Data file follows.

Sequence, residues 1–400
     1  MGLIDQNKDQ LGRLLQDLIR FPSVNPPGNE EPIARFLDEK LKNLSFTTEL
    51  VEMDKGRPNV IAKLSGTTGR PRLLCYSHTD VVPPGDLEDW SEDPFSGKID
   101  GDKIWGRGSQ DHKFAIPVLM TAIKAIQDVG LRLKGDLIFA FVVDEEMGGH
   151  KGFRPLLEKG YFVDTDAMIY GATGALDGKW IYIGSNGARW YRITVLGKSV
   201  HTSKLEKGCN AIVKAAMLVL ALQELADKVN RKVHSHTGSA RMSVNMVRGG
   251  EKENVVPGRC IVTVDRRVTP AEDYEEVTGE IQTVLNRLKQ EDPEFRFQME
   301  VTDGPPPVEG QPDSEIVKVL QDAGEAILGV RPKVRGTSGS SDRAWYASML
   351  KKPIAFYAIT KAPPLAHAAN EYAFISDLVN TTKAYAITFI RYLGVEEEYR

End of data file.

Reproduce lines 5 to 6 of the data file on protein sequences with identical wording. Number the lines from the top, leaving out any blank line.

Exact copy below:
   151  KGFRPLLEKG YFVDTDAMIY GATGALDGKW IYIGSNGARW YRITVLGKSV
   201  HTSKLEKGCN AIVKAAMLVL ALQELADKVN RKVHSHTGSA RMSVNMVRGG